Acupuncture

Dr. Syngajewski at our hospital offers Acupuncture Services for your pet, and it may be recommended as a preventative measure or to help treat disease.

Acupuncture is a form of traditional Chinese medicine that is believed to stimulate the flow of energy forces that nourish tissues, stimulate blood flow, and enhance body systems. According to ancient Chinese medical theory, the life force (called qi or ch'i) flows through the body via 14 invisible channels known as meridians, regulating all physical and mental processes. Opposing forces within the body (called yin and yang), must be balanced to keep ch'i flowing properly. The meridians run deep within the body's tissues and organs, surfacing at some 360 places identified as acupuncture points, which are often areas where nerves and blood vessels meet. Stimulating these points is said to balance and restore the flow of ch'i, and can enhance blood circulation, improve healing, and stimulate the nervous system. Acupuncture improves blood flow, which increases oxygenation of tissues. It relaxes muscles both where the needle is inserted, and muscles located elsewhere in the body, so it relieves pain both locally and generally. By stimulating the release of naturally occurring pain relieving and anti-inflammatory substances, acupuncture may decrease the amount of pain medications needed to treat these dogs.

Acupuncture is done by inserting thin, smooth, solid needles into the acupuncture points. The depth of insertion, type of stimulation, and duration of treatment vary according to the disease or the condition being treated.

Veterinary acupuncturists may use needles alone, needles with electrical stimulation, or stimulation using a specific type of laser. Research studies on acupuncture are limited, but anecdotal information suggests it may be helpful in the treatment of pain, hip dysplasia, chronic digestive disturbances, lick granuloma, epilepsy, and other miscellaneous conditions in pets.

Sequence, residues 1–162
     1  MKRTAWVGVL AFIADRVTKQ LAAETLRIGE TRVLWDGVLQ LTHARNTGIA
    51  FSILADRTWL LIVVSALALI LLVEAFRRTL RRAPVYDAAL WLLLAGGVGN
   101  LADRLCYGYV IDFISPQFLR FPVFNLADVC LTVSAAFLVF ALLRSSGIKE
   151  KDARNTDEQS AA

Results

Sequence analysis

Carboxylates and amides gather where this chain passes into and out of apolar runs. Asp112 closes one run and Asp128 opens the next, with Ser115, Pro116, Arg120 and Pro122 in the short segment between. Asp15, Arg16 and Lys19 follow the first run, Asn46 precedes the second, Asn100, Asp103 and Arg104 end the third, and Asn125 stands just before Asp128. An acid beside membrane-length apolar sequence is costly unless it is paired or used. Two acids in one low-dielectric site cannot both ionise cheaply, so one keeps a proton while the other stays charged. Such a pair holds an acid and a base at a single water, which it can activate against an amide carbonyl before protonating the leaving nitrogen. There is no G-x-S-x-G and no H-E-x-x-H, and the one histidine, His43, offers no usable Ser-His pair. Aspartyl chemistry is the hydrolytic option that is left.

The initial consultation for an acupuncture appointment involves a general medical assessment, which includes a review of the pet's previous medical history, lab tests, radiographs, and current medical therapy. The veterinary acupuncturist will perform his or her own physical examination, discuss treatment options, and explain exactly what happens during an acupuncture session. Even though patients may be a little nervous in a new clinical setting, most become very relaxed after needle insertion. Depending on the conditions addressed, the actual session may last 20-30 minutes. The doctor outlines a treatment protocol that may involve one to three sessions per week for several weeks. Often, the number of sessions is tapered off as the dog improves, so visits are scheduled less frequently.

The effects of acupuncture treatment are cumulative so there is a benefit to repeated sessions, but the goal is to achieve the greatest degree of improvement and maintain that level with the fewest treatments necessary. There are few side effects with acupuncture, but some dogs may be sore or stiff following a treatment session, while other patients appear tired. These symptoms usually resolve within 24-48 hours. 

Ask your veterinarian if acupuncture may be right for your pet.

(Some information gathered from LifeLearn ClientEd Online services.)

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